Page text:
Lycoming College Summer Magazine 2013 - page 8

ent Trachte loves to compete. With that comes
a relentless drive and determination to succeed
in all that he does. And if his past achievements are
any indication, Lycoming College’s future under
his presidency will be eventful and exciting.
Trachte’s competitive spirit was
nurtured in De Pere, Wis., a small town just outside Green Bay.
His father, James, was a social studies teacher and also served
as the boys’ basketball coach at De Pere High School. He
later became school principal and eventually was promoted to
“My mother would always say, ‘Your father has a very public
role, so don’t embarrass us,’” Trachte said.
And he did not disappoint.
Like many teenagers, he loved playing sports. Trachte
became the starting quarterback in football and played both
guard and forward in basketball. He remembers admiring Bart
Starr, the legendary quarterback who led the Green Bay Packers
to multiple NFL championships, including Super Bowls I and II.
Trachte also has a passion for the game of golf. His dad
introduced him to the game at age 11, and he has played
continuously for 40 years, including on his high school and
college teams.
An engaged student, Trachte found time to quench his ever-
growing thirst for knowledge by giving extemporaneous
speeches as a member of De Pere’s forensics team. His articulate
performances earned him trips to the state competition.
“During that part of my life [high school], I lived in a
fishbowl,” Trachte said. “I became accustomed to a life where
they were not many boundaries between public and private life.
I understood that my actions would be scrutinized. Growing up
this way helped to prepare me for the public roles that I have
held in academia.”
Road trip
As a high school sophomore, Trachte was introduced to
the idea of attending an Ivy League institution by his biology
teacher, who also was his football coach. But growing up in a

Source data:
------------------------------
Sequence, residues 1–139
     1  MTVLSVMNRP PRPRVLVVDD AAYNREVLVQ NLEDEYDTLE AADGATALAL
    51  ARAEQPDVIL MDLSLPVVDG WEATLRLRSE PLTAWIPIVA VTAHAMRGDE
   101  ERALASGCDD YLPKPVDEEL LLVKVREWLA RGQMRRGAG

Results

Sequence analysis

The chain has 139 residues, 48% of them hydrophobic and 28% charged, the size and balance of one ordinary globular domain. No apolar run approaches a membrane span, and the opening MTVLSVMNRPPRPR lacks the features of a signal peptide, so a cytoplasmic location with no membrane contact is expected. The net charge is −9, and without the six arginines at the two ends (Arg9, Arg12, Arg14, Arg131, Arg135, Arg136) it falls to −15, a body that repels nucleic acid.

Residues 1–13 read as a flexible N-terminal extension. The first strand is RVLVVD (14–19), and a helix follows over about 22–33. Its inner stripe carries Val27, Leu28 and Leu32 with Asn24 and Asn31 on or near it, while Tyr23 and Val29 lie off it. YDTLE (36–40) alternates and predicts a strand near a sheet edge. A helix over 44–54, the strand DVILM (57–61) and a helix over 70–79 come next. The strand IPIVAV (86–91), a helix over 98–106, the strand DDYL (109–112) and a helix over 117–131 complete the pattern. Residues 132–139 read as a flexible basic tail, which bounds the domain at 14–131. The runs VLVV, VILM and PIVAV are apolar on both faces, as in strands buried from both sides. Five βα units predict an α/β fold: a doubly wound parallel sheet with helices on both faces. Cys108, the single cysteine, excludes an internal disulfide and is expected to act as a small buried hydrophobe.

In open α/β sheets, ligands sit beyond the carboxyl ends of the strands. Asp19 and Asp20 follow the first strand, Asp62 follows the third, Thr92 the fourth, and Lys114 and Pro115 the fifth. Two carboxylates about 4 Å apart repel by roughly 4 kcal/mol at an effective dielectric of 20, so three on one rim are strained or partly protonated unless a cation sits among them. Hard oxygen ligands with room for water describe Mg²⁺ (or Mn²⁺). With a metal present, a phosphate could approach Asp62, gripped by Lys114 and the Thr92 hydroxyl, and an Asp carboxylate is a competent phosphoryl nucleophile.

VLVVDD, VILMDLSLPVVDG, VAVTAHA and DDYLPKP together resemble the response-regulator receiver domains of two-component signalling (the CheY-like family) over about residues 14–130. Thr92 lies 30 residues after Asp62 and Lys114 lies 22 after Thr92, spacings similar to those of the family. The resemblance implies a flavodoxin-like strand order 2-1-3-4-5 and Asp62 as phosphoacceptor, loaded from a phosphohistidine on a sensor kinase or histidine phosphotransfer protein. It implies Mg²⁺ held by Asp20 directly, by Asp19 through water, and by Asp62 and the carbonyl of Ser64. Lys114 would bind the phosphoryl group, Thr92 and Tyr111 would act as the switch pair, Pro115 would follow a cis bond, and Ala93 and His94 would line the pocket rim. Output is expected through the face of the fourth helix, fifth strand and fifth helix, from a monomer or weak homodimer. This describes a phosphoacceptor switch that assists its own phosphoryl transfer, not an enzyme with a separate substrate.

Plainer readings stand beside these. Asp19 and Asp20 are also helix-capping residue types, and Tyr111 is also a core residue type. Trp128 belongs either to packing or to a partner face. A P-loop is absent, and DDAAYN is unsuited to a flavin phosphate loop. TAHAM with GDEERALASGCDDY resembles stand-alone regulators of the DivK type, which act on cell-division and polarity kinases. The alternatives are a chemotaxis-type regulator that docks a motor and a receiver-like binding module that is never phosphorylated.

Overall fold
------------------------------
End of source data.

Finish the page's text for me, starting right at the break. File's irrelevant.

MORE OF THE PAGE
small town in the Midwest, he admits that he knew very little
about the Ivy League and its stellar academic reputations. He
had assumed he’d enroll in a small college close to home.
As time passed, however, “My good friend, Mike Stickney,
who happened to be the center on the football team, and I both
developed an interest in the Ivy League. We came to appreciate
what it might mean to attend an Ivy League institution,” he said.
“The summer between my junior and senior years, my father
took the two of us on a road trip. We visited Cornell, Dartmouth
and Princeton. Ultimately, I decided to apply to all three of
them and decided to attend Dartmouth. Through my combined
interest in athletics and academics, that door opened up for me.”
And he proudly walked right through. He majored in
government and spent two seasons on the men’s golf team.
Trachte says his interest in studying politics began as a teenager.
In high school, he was captivated by Wisconsin’s 1968 primary
election. President Lyndon B. Johnson had decided to forgo
reelection, and the frontrunners included Hubert Humphrey,
Robert Kennedy and Eugene McCarthy.
Prior to his appointment at Lycoming, President
Trachte spent 25 years as a senior administrator
at Franklin & Marshall College.
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